The Leadership Of Steve Jobs

971 WordsMar 23, 20174 Pages
Imagine a world similar to the one you live in now, but imagine that world without your smart phone. For some this may seem like a better place, but for most of us it’s difficult to imagine living in this world. Technology is a major part of our lives because it gives us mass amounts of information at our finger tips. Apple gave us the first smart phone known as the iPhone and leading that company was Steve Jobs. From a startup that began in his garage, Steve Jobs developed one of the most successful companies in the world. Apple’s success was a result of Jobs’ visionary leadership, not his ethical leadership. Steve Jobs was a visionary leader who introduced revolutionary technology to the world. Although Steve Jobs’ company was…show more content…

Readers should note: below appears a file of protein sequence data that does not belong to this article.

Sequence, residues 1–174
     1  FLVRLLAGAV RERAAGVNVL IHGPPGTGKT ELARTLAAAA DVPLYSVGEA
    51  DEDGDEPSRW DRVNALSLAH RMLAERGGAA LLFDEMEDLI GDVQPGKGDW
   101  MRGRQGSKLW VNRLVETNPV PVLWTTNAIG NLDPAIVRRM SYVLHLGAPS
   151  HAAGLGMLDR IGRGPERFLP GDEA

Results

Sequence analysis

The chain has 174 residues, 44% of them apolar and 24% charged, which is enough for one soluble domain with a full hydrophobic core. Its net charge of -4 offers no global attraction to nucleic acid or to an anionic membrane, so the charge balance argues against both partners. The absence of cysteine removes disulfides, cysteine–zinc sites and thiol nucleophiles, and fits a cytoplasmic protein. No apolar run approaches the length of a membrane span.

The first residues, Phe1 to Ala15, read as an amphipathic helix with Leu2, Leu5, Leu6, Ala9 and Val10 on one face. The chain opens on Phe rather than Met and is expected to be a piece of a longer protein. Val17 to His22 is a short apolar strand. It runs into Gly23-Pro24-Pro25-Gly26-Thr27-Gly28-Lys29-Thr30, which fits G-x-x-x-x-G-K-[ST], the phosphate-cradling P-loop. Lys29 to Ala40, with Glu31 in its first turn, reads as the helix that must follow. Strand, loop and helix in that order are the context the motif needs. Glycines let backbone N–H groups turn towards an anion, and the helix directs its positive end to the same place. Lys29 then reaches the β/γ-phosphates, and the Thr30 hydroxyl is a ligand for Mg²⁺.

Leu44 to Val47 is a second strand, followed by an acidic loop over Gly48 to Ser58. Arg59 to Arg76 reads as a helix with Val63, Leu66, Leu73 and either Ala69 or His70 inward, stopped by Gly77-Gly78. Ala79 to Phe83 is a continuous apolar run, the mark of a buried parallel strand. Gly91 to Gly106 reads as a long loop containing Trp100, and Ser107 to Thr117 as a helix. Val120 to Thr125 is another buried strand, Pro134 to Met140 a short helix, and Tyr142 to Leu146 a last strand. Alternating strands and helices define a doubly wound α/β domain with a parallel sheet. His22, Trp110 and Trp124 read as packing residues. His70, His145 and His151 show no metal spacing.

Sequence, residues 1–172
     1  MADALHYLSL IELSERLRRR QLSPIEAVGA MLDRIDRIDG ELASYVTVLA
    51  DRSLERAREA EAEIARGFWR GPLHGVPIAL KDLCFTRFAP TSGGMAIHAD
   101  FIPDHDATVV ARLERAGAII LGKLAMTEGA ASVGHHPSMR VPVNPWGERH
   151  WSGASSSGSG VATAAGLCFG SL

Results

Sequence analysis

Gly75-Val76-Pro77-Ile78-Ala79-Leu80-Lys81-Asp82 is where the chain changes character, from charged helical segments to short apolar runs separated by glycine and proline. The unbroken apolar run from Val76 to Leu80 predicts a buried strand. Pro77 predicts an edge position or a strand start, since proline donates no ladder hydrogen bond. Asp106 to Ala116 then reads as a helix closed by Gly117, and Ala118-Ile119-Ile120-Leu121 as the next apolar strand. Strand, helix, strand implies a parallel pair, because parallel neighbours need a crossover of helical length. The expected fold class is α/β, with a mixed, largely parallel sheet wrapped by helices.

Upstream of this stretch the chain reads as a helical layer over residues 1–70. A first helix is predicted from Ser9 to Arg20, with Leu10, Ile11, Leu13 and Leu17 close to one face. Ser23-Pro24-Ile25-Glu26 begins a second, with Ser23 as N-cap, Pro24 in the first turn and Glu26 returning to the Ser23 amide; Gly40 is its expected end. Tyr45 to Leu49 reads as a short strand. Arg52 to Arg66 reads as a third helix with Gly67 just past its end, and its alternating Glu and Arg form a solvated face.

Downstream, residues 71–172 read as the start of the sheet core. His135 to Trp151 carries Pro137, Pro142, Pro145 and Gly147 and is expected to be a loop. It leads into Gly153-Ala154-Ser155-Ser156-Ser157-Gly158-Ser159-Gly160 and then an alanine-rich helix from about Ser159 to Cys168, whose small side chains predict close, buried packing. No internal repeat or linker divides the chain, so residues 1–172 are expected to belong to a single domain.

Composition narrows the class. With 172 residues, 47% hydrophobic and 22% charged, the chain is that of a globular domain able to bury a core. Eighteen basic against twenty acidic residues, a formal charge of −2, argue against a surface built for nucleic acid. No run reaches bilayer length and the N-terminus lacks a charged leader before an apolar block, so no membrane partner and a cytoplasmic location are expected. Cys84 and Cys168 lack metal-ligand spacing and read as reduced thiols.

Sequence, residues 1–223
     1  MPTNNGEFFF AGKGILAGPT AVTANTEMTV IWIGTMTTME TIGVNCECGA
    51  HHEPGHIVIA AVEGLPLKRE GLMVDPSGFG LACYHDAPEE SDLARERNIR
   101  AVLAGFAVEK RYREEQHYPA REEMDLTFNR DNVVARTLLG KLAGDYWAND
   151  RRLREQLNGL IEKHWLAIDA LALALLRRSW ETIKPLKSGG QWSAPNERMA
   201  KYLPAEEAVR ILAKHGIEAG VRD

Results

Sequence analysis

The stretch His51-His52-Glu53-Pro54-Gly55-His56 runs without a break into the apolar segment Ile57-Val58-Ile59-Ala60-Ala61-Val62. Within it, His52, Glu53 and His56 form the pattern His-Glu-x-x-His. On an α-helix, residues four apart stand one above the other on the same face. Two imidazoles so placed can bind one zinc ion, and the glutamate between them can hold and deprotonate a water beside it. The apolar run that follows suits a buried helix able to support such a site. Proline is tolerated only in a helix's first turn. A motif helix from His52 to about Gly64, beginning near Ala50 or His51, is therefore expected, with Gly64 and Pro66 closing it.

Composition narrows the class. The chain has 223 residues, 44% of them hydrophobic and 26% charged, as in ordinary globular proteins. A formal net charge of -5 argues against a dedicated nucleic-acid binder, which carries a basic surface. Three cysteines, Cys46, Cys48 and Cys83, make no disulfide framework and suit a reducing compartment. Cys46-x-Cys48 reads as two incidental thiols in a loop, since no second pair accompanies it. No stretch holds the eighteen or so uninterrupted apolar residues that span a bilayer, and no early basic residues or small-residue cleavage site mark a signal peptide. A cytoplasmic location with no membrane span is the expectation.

Isaacson indicated one day as Jobs was in a meeting, he stopped the meeting and went to the whiteboard. He wrote down a grid and at the top of the grid wrote consumer and pros and at the left of the grid he wrote desktop and portable (Isaacson, 2014). He wanted the company to focus on four things and that was it. According to Isaacson, Jobs had an exceptional ability to focus the company’s vision and get everyone on board with the changes. This removed distractions from the workers and allowed them to focus their attention on doing what they did well. Jobs demonstrated his ability to effectively perform change management within the company. One of the things he did well was create a felt need for change as described in the change management lesson (Thomas N. Barnes Center for Enlisted Education [BCEE], 2017a). Jobs had a way of communicating his vision to get buy in from the company’s members. This is the first step to effective change management (BCEE, 2017a). If Jobs had not been able to accomplish this successfully, the change would’ve been more difficult due to increased resistance from the employees (BCEE, 2017a). Jobs’ actions in this situation helped the company through the vision change. Jobs wanted the products to be perfect. Isaacson (2014) indicated Jobs would stop projects if he felt they weren’t perfect regardless of where they were in the development process. According to Isaacson, when Jobs’ team was working on the iPhone, he had some

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